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Last update: May 2021

3 mins to read - 2021/05/17

Time from Push Notification Delivery to Click: When Are Users Engaging?

Mobile push notifications are still a relatively immature marketing channel. Only recently are many mobile marketers really realizing the potential of the tool they have. This leaves a lot of unanswered questions, such as: how much time generally passes from the moment of notification delivery to the moment the user clicks?

However, the most popular default strategy is still to send out indiscriminate notification blasts to your entire user base, regardless of timing or user relevance, and hope for the best. OpenBack’s improved hybrid platform, which uses mobile edge computing and machine learning for a more streamlined notification delivery process, opens doors to a more personalized, meaningful mobile engagement experience. Utilizing this new potential for real-time delivery at the perfect moment, plus micro-targeting and personalization, we have been working with a new client to track results and statistics of notification tests, using billions of data points from a wide cross-section of users. We have tracked user engagement responses to a range of OpenBack’s unique data signals. And we have gauged user click-through rate (CTR) for different genres of mobile game, and different styles of notification content.

Now, we have done an analysis of anonymized sample results on the average length of time that passes from a notification being delivered to the lock screen and notification center/notification bar until the moment users actually click on the notification to open up the app. This is a first when it comes to exploring such in-depth user reactions, and it’s given us some fascinating insights that can be leveraged to improve the return from push notifications and the user experience.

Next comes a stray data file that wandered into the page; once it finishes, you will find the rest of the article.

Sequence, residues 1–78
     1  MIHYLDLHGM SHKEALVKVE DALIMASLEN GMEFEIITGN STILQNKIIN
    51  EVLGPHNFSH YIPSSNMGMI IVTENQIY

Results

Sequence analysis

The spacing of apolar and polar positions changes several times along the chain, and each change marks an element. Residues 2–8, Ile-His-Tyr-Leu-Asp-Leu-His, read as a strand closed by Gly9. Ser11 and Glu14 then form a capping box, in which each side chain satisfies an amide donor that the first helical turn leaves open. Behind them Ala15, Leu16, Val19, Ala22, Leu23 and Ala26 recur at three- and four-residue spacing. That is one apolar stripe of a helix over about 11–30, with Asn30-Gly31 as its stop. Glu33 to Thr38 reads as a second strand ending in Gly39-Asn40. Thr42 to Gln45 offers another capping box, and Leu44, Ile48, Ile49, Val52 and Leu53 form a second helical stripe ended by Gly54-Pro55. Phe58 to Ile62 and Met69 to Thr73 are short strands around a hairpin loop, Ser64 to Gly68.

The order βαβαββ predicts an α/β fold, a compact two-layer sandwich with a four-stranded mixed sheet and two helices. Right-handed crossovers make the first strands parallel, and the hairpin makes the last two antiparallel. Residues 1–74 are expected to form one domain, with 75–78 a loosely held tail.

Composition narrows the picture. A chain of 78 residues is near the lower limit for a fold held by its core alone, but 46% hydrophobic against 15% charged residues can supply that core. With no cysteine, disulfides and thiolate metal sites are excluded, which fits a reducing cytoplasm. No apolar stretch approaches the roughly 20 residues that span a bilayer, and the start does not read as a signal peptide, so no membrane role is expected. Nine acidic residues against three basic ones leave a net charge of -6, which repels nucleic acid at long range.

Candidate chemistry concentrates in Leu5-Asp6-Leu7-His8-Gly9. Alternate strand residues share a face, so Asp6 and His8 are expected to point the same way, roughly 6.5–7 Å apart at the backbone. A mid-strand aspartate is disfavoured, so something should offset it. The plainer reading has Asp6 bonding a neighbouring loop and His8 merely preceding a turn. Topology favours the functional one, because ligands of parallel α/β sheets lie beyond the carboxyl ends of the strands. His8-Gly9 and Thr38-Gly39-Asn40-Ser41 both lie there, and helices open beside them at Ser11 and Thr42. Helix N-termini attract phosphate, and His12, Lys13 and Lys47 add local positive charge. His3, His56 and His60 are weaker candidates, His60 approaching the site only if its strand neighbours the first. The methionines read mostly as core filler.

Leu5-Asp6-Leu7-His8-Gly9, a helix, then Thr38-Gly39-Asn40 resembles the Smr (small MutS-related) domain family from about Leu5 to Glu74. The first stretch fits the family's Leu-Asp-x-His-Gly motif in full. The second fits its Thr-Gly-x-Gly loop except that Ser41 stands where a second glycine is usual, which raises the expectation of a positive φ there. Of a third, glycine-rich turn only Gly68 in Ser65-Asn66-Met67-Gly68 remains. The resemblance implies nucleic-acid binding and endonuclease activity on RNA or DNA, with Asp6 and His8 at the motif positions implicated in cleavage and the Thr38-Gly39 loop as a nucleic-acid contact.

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time from push notification delivery to click

The Window of Time from Notification Delivery to Click: A First Glance

The graph above depicts the average length of time the elapse from your push notification’s delivery to the moment the user clicks on it – for all clicked-on notifications. Right off the bat, you can see that few people click on notifications immediately. In fact, less than 30% of clicked notifications get clicked on in less than a minute. The window of time between 1 second and 60 seconds, the incline is very gradual. (Although it’s important to keep in mind that, for the purpose of this visualization, the length of time depicted on the Y axis increases continually between points.)

50% of your total clicked notifications will be clicked in the time between 12 and 15 minutes post-delivery. And 75% will be clicked by 1 to 2 hours after delivery. Once you hit that 2-hour mark, notification CTR levels out severely, with 25% of notifications spread out over the course of 6 hours. Roughly 97% of your push notifications get clicked on within a day of being delivered. Being clicked on after the 24-hour mark is extremely rare. And if a user hasn’t clicked on your notification in the time window of 3 days after delivery, they’re basically not going to click at all, ever.

What Conclusions Can We Draw from This?

First: that your users aren’t at your beck and call. App users are busy, and – as we all know – the world is full of distractions vying for their attention. Your push notification simply isn’t a top priority to anybody, and nobody is going to set aside their work or other obligations to attend to their device as soon as they hear the ping.